Ardun-Headed Supercharged Flathead Ford Built For Land Speed Racing

When it comes to going fast by modern standards, the Flathead Ford isn’t exactly the first powerplant that comes to mind for most people. Fortunately for us, Keith and Jeff Dorton of Automotive Specialists aren’t “most people.” In fact, we’ve highlighted the Dortons’ work with Flathead Fords several times in the past as you can see HERE and HERE. However, this latest Flathead project is even more outrageous.

Thanks to Jeff Huneycutt at The Horsepower Monster, we get a look inside this Flathead engine build which has everything but the kitchen sink (and maybe even parts of that, in the intercooler system) thrown at it. Using a set of Ardun overhead valve-conversion cylinder heads and a ProCharger centrifugal supercharger, this engine has been in development for over two years, and its owner, Doug Kenny, is looking to make some serious steam on the salt flats of Bonneville while breaking class records.

Developed by Zora Arkus-Duntov (yes, THAT Zora Duntov) as a product for Ford itself to sell, the bean-counters ultimately passed on the project, leaving the Duntovs to manufacture and sell the conversion themselves. While the average Ardun conversion delivered anywhere from 25 to 60 percent gains, the lack of corporate backing and the high final price, as well as some fitment and longevity issues at the time, meant that there were only somewhere between 200 and 250 conversion kits ever built.

Aftermarket Ford Flathead

There is a lot to take in here. First, is the fact that there are only three main journals, but they have been redesigned with massive billet main caps and a support rail system. Next are the aftermarket crank and rods. Finally, there are the two semi-circular main seal adaptors allowing for the use of a modern main seal in place of the original rope seal.

As you might imagine, parts for an overhead valve Flathead Ford, looking to go fast, aren’t just sitting around on manufacturers’ shelves, so the rebuild of this engine into its current form was a significant investment of both time and money, with more custom parts than mass-produced ones. Looking to challenge the XXF class, which requires the use of a factory Flathead engine block. Right off the bat, that puts you at a huge disadvantage thanks to only having three main journals.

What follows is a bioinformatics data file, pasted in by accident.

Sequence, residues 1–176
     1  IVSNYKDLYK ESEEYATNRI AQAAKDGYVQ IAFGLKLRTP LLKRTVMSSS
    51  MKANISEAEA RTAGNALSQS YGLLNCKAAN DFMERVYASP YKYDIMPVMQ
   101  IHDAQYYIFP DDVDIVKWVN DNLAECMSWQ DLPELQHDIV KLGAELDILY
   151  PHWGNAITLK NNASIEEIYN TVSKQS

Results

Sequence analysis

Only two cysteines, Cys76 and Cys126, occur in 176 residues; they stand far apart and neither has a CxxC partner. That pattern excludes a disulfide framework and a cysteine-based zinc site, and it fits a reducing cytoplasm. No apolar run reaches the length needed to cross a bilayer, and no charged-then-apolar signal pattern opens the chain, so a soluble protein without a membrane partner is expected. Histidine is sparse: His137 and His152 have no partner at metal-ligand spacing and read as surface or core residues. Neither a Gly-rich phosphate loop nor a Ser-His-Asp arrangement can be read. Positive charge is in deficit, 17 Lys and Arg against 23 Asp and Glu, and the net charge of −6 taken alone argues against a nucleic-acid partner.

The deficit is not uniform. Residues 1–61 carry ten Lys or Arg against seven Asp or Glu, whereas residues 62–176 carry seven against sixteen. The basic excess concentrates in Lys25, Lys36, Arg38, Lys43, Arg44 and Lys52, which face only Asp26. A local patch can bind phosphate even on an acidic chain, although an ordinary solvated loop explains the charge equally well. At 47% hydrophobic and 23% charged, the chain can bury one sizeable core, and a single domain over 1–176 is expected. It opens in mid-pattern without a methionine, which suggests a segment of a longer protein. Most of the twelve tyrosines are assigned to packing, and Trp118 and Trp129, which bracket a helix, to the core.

Rather than use one of the existing main girdle systems on the market for the Flathead, Dorton has instead developed a set of billet main caps that look like they belong on a top fuel Hemi more than a Flathead. The main caps are coupled to a main cap support system that looks like super-beefy oil pan rails. Sitting in the mains is an aftermarket crankshaft, that Dorton has modified to accept modern rear main seals as well as utilize a modern Chevrolet-pattern clutch and flywheel.

Besides the modifications to the main journals and the main seals, the block’s factory oil pump system was blocked off in favor of an externally mounted oil pump. The engine is still a wet sump design, however, with a custom oil pan designed to fit all of the main journal and seal modifications as well as adding precious oil volume to the engine.

Yes, those chambers are hemispherical, but no, they aren’t copies of the Chrysler design, as the Ardun heads came to market well before the first “Hemi.”